SINGAPORE - Oil prices were down in Asian trade Monday on concerns the European debt crisis could worsen, analysts said, amid tensions over Iran's threat to block a vital oil shipping lane.
New York's main contract, West Texas Intermediate for delivery in February was down 49 cents to $101.07 in morning trade, while Brent North Sea crude for February delivery declined 11 cents to $112.95.
"Pressures concerning the debt situation in Europe is offsetting the bullish factor of geopolitical tension in the Middle East," said Victor Shum, senior principal at Purvin and Gertz international energy consultants in Singapore.
French and German leaders are set to meet in Berlin on Monday, kicking off a week of high-level talks aimed at laying the groundwork to tame the eurozone crisis.
The talks are being held amidst growing strategic differences between the two European powers over plans to introduce a financial transaction tax in the European Union.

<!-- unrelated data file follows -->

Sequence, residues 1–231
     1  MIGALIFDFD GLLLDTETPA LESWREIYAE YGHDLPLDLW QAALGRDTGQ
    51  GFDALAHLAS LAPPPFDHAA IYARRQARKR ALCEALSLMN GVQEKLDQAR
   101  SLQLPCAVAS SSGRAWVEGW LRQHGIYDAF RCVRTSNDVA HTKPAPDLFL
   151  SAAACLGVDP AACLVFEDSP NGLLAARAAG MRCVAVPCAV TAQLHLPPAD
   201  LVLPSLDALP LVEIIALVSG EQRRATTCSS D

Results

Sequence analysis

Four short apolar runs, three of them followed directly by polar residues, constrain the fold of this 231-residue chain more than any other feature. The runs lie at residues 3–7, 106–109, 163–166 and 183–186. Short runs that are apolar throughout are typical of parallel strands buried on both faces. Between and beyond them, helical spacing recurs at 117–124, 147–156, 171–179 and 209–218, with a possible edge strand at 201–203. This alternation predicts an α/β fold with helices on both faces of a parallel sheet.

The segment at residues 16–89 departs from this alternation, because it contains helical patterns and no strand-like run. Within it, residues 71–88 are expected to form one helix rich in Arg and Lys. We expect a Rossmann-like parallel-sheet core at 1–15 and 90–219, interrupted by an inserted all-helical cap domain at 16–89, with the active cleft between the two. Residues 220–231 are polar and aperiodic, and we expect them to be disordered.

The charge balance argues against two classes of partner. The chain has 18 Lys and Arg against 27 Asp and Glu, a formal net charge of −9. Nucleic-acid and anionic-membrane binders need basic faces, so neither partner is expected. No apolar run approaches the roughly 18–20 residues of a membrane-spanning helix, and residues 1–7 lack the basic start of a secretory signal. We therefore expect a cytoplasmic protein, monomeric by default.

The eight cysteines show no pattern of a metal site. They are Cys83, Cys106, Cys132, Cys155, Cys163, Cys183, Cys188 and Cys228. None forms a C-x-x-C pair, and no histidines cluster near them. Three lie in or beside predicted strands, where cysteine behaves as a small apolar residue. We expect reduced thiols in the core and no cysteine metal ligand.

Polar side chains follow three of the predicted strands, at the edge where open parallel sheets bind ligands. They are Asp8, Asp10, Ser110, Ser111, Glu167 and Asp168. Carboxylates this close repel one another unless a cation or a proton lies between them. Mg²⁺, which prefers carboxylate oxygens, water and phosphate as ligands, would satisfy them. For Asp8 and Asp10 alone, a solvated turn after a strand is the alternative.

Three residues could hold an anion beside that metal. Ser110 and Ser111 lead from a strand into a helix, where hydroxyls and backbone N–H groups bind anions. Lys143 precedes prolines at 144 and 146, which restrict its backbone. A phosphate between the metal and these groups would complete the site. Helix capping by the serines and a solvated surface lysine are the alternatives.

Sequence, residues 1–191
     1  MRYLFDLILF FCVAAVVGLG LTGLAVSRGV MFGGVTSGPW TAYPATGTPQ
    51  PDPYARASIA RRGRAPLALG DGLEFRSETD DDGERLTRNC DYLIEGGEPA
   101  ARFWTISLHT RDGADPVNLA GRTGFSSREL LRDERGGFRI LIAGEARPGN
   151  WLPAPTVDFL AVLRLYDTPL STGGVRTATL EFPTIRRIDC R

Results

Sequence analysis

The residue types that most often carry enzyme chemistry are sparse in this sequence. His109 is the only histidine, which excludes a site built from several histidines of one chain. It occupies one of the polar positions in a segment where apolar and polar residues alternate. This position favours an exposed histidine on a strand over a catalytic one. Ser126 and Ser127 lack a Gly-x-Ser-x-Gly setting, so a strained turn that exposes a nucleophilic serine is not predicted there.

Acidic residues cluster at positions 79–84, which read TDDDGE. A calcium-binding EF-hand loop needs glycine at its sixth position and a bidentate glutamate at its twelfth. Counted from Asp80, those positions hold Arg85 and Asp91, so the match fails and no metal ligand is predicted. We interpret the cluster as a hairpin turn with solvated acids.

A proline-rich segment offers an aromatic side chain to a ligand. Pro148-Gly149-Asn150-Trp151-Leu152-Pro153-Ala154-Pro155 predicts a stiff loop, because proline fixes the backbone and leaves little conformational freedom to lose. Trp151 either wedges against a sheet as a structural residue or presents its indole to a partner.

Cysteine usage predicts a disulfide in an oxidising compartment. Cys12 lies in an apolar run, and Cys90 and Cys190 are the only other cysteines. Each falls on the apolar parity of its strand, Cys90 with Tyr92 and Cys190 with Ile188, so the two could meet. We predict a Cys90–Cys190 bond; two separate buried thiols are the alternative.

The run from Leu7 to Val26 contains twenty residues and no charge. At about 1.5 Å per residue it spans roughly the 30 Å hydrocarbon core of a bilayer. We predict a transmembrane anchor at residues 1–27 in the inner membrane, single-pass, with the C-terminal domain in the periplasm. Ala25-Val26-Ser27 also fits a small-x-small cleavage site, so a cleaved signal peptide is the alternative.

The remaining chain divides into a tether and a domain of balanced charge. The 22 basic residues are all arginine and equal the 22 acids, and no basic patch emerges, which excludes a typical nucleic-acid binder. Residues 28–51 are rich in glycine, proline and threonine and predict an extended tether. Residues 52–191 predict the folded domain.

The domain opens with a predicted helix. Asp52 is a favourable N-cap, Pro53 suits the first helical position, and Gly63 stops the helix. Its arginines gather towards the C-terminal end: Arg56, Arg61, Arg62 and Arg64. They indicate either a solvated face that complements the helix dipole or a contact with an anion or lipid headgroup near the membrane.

Traders meanwhile are also keeping a close watch on the situation in the strategic Strait of Hormuz in the Middle East and its impact on the flow of oil supplies, analysts said.
Iran has threatened to close the key transit point if the European Union slaps an embargo on its oil imports as part of sanctions to stop Tehran from developing its nuclear programme.
The country has denied allegations it was building atomic weapons.
"It is understood that Western powers have readied a contingency plan to tap a record volume from emergency reserves to replace nearly all the Gulf oil that would be lost if Iran blocks the Strait of Hormuz," Phillip Futures said in a market commentary.
US Defense Secretary Leon Panetta on Sunday warned that the United States would take action if Tehran tries to close the vital Strait.
"I think they need to know that if they take that step that they're going to get stopped," Panetta told CBS television.